Making a New Audiobook


I have just released the audiobook for my first book, “Once Bitten, Twice Die”. I am fortunate enough to have a friend who is a music composer/producer, and he offered to assist in making the recording. I have some previous voiceover experience, and so jumped at the opportunity. I was excited to create an audiobook of my novels, and to actually narrate it myself was a thrilling prospect. However, my previous voiceover experience was not precisely the same as making a complete audiobook, and it was a fascinating opportunity.

There were a few decisions to be made early on. Some audiobooks are narrated by several people making it easy to differentiate between the various personas in the story. Often though they are read by just one person, occasionally a well-known actor, who adopts different accents for the different characters and hams it up a lot. But sometimes audiobooks are simply narrated by one person who, while putting in a lot of energy, does not attempt to reproduce the various accents. I had to think carefully about how I was going to narrate my books.

Was I going to try and reproduce the various Jamaican, Liverpudlian, Scottish, Persian and decidedly vampiric characters in my story? And what if my accents slipped half way through? Or what if they were so bad that my horror story became a farce? After all, most of my attempts to mimic an accent end up sounding vaguely Welsh or Pakistani. And so, I must admit to having bottled it. I most definitely threw my heart and soul into the narration, but thought it best not to cause any national offence with my risible take on the various accents.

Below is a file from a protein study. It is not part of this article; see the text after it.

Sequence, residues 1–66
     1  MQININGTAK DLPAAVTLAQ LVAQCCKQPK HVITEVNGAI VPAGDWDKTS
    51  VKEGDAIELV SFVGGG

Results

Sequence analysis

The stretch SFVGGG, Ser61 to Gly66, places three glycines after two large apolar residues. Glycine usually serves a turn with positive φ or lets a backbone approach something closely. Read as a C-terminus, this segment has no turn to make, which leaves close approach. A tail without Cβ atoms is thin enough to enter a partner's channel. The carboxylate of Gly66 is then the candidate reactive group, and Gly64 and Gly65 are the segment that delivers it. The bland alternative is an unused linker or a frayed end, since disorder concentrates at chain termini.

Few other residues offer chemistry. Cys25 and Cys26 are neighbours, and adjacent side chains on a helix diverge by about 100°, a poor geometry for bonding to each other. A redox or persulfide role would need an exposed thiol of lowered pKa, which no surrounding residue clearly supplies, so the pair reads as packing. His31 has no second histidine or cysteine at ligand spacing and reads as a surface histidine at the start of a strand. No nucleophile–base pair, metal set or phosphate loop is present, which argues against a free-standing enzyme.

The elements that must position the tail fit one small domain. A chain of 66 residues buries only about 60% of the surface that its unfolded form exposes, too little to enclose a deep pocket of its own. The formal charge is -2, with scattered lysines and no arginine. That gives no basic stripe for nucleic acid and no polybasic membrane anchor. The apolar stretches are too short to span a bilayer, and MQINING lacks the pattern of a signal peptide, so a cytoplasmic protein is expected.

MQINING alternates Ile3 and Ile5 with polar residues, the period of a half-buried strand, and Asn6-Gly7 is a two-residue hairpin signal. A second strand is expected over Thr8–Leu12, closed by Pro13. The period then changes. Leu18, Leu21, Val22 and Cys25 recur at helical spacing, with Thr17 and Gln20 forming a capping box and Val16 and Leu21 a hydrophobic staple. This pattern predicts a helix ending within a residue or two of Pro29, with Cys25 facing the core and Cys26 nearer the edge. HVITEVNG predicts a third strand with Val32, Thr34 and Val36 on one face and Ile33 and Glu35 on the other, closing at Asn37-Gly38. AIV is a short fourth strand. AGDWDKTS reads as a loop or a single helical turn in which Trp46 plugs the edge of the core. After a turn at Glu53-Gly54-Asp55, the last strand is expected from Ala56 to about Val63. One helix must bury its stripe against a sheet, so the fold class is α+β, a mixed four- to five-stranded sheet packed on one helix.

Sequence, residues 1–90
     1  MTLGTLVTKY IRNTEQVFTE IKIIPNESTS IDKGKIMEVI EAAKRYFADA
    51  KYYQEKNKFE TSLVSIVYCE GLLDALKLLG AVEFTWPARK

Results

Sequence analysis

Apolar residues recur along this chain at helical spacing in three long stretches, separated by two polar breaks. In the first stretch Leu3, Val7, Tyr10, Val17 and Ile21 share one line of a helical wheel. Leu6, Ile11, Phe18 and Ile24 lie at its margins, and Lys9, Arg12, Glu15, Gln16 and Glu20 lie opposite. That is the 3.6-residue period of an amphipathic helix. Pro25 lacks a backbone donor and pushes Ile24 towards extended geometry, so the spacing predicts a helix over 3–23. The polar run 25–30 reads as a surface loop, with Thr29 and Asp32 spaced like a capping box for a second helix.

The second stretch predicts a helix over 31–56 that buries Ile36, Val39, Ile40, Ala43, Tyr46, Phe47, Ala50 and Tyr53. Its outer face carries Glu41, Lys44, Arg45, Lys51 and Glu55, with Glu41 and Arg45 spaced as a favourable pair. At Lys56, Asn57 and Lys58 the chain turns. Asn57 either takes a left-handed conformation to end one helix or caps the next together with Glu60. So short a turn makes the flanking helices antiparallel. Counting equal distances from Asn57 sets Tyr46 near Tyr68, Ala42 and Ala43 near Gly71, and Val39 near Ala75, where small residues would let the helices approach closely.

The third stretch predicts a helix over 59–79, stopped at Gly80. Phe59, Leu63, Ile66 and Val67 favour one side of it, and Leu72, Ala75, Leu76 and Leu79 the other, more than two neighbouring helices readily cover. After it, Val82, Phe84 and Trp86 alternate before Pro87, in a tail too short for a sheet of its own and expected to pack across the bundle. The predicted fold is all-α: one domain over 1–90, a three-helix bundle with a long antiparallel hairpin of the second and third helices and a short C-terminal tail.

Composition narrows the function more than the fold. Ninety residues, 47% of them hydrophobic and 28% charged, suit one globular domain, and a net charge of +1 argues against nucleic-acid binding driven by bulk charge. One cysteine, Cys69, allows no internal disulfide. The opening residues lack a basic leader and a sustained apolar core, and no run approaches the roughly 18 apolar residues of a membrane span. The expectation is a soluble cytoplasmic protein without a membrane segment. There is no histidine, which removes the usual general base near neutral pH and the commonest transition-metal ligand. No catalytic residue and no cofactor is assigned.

This seemed to be the safer option but came with its own challenges. For example, when a man and woman are talking how does one differentiate between the two? Well, I listened to a good many audiobooks read by famous actors and decided that the best solution was, obviously, to make my voice a little higher pitched for the lady, and possibly a little more breathless and, dare I say it, more feminine. I felt a little daft at first but had to get over that. Hopefully I didn’t sound too much like Widow Twankey. Simple so far. But what about when two male vampires are arguing, for example? There are many ways, I learned, to distinguish between supposedly similar sounding voices. The volume, the cadence, the enthusiasm, a slight tonal difference or even a vague accent, whilst giving enough clues to the listener, is not too difficult, and I felt did not leave me too much out on a limb. No hint of any Welsh Pakistanis.

The actual recording itself takes quite a reasonable amount of time. It requires about three hours of work to produce just one hour of narration. Given that the average three-hundred-page book will turn into roughly eleven hours of narration, it is no surprise that it took a couple of weeks of continuous hard work to create my audiobook. At the end of each day, having been pouring my energy into the mic for a good seven or eight hours, I was absolutely shattered. But hearing the results, especially after my producer friend had gone through and removed my slurps, lip-smacks and odd little noises, it was well worth the effort.

Writing and publishing my books was a fascinating experience, and a steep learning curve. Now creating the audiobook has been more of the same. I am delighted with the results and hope that you might be too. And after discovering my inner Widow Twankey I’m even considering joining a panto this Christmas. Oh no I’m not.

The books are available on:
Itunes –
Amazon –
Audible –

There is a trailer with the opening passage on Youtube here:

If anyone wants a free taster, message me and I can send you the first three chapters.

If you do happen to listen to the audiobook I’d be delighted to hear your thoughts. But just please don’t laugh too much!

Best wishes,
Antony J. Stanton

2017-10-23T12:12:07+00:00October 22nd, 2017|